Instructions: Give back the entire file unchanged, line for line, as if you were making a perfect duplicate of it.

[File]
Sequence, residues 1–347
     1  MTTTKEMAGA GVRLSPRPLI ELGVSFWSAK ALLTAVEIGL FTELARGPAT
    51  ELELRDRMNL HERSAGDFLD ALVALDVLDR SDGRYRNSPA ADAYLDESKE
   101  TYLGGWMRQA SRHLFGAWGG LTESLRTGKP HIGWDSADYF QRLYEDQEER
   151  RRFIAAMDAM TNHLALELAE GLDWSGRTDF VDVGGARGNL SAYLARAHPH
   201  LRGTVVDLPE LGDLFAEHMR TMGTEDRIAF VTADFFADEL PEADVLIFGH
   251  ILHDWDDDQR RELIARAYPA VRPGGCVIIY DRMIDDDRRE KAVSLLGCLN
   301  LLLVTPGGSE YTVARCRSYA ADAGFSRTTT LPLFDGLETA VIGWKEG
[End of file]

Sequence, residues 1–347
     1  MTTTKEMAGA GVRLSPRPLI ELGVSFWSAK ALLTAVEIGL FTELARGPAT
    51  ELELRDRMNL HERSAGDFLD ALVALDVLDR SDGRYRNSPA ADAYLDESKE
   101  TYLGGWMRQA SRHLFGAWGG LTESLRTGKP HIGWDSADYF QRLYEDQEER
   151  RRFIAAMDAM TNHLALELAE GLDWSGRTDF VDVGGARGNL SAYLARAHPH
   201  LRGTVVDLPE LGDLFAEHMR TMGTEDRIAF VTADFFADEL PEADVLIFGH
   251  ILHDWDDDQR RELIARAYPA VRPGGCVIIY DRMIDDDRRE KAVSLLGCLN
   301  LLLVTPGGSE YTVARCRSYA ADAGFSRTTT LPLFDGLETA VIGWKEG